I’m happy for them to use media as long as it isn’t a distraction for the babysitter. For example, if the babysitting teen is showing the younger boys an episode of Bluey, the little boys will have fun, but the babysitter won’t be engrossed enough to be mentally unavailable.
Opportunities for Younger Teens to Babysit Siblings
I’m not sure how your home life dynamics have changed since the pandemic, but my husband, who used to work full time out of the home now works full time from home. In general, he does need to be undisturbed during his work hours, but he’s still present in the home.
This means that if the older teens are out, I can leave a younger teen who might not be quite old enough to be the oldest person present in the home, in charge of the little ones because her primary responsibility is just to help them not to disturb Daddy. However, if there were an emergency, he would be right there.
This same set-up can also work with older teens at home. For example, if the older teens are busy with school work and/or aren’t interested in babysitting but will be at home, I can leave one of the tweens in the direct care of the little ones, while notifying the older teens that they are the oldest people in the house should their help be required.
Plan to Check in for Feedback and Accountability
Before I leave, I always tell the children being cared for “When I come back, I am going to ask the person babysitting you if you were cooperative and helpful.” And then I say to the older child, “And when I come back, I am going to ask the younger kids if you were kind and gentle with them.”
Keep your word. When you get back, follow up with everyone to see how it went. If there were serious issues, take responsibility for them.
If younger children ignored or disregarded instructions or otherwise made a difficult time for the older child, apologize to the older child that he had experienced that frustration. If an older child was harsh or rude with the younger children, apologize to the younger children that someone you left in charge of them was not kind or loving.
After you’ve taken responsibility for the difficulties anyone experienced in a situation you arranged and authorized, address any responsibility on the part of the older or younger kids as needed.
Consider whether the problems that occurred mean that this isn’t a safe set-up in the future, or if it just indicates a need for further guidance and instruction. Do not leave your children in a situation where they feel unsafe, or overwhelmed by responsibility.
There are far too many possible situations and solutions for me to cover in one article, but the bottom line is this: you are the parent. You are responsible for the safety and well-being of your children. Use wisdom. Listen to your children’s concerns and feedback. And proceed with love and patience to see the best interest of all involved!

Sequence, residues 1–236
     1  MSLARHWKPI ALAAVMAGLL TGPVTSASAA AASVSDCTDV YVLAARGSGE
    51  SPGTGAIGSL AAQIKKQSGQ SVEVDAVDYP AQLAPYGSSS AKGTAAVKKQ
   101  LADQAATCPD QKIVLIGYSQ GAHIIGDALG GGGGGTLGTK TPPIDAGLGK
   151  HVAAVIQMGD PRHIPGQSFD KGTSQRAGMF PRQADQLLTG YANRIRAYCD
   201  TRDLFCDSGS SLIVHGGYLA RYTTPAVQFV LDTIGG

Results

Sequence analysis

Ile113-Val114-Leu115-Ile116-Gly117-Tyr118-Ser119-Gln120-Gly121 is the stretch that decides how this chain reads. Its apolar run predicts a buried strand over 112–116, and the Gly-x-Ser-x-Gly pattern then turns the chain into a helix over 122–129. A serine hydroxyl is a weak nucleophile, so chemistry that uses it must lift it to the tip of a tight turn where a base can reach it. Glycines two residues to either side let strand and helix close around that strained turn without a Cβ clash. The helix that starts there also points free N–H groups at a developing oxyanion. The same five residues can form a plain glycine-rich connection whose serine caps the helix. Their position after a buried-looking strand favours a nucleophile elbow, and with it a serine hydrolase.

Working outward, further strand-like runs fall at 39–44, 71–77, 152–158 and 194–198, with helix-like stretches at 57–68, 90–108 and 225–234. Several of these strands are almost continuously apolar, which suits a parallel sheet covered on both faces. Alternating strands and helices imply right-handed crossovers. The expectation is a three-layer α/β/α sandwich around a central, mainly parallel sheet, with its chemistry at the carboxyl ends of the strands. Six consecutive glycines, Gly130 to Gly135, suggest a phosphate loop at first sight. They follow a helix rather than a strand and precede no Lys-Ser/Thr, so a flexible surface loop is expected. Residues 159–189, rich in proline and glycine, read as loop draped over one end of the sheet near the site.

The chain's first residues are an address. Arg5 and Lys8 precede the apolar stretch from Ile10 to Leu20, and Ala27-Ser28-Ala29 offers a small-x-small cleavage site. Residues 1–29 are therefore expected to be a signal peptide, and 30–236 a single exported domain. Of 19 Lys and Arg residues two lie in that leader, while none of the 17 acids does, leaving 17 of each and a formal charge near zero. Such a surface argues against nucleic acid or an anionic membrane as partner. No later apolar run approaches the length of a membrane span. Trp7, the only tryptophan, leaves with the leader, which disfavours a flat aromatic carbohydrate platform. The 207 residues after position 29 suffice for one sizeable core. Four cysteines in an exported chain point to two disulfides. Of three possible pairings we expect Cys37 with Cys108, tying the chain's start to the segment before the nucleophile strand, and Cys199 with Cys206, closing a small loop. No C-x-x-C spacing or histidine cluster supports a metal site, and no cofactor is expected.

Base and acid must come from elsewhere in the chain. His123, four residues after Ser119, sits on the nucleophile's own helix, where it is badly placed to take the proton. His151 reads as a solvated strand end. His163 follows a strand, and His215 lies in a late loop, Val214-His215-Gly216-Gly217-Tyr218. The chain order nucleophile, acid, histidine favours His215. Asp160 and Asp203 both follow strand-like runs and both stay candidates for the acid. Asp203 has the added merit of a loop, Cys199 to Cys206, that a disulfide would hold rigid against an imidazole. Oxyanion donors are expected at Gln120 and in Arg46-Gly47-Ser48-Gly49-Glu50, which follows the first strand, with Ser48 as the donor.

A Few Ideas from Readers
Here are some ideas blog readers have shared about babysitting strategies.
I will sometimes pay my 10 year old $1 to watch over my one year old for a few minutes. She never feeds her or changes her or anything, just plays on a blanket with some toys while I switch laundry or make lunch or something. And I'm always just in the next room over. ~ Dani
We have a bit of a different situation. We live overseas on a military base in a tower. We leave our 12, 8, and 7 year old alone at times. They walk themselves places alone or ride their bikes there. It’s not uncommon for them to disappear for hours. Even off base, kids walk all over by themselves. We’re actually anxious about moving back this summer because they’ve become so autonomous. ~ Lauren
I love what my sister in law, Margie, did. She would give each child a set of age-appropriate responsibilities and then put age/responsibility appropriate payment on the table and told each child that if they did what they were asked, including good behaviour, they would get their money. That way it felt less like the older ones 'parenting' the younger ones and more of a division of labour. Obviously the older ones had some responsibility of caring for the younger, but children close in age don’t need to have any power struggles. Everyone gets clear instructions and responsibilities. ~ Rachel
My 16 and 15 year old (son and daughter respectively) babysit their 6 year old brother. When he was younger, I always paid them for it. Now that he is pretty independent, I don't pay them for every trip to the store, but they still get paid if I'm gone for any decent length of time. ~ Becky
[Older siblings don't normally babysit] but if I’m going to hire someone anyway I’ll give my older ones the first chance at it. They get paid the same I would pay a non-related sitter. When I need someone to watch them when I’m at home I also give them the first dibs and they get paid. ~ Heather
I have two teenagers, and a 2y. The girls have been helpful and watch him while I'm still at home. However, do I have them watch him while I'm not home? No, because I know my children have their heads attached to the phones and one of the two of them wouldn't be pulling their weight. But, that's just my kids and my family. ~ Melanie
So far they are not old enough to babysit but they are old enough to keep tots out of trouble while I’m taking a shower. ~ Brooke
Yes [my older kids babysit] but we compensate them somehow when they do, but not for more than 2 hrs at a time. ~ Amanda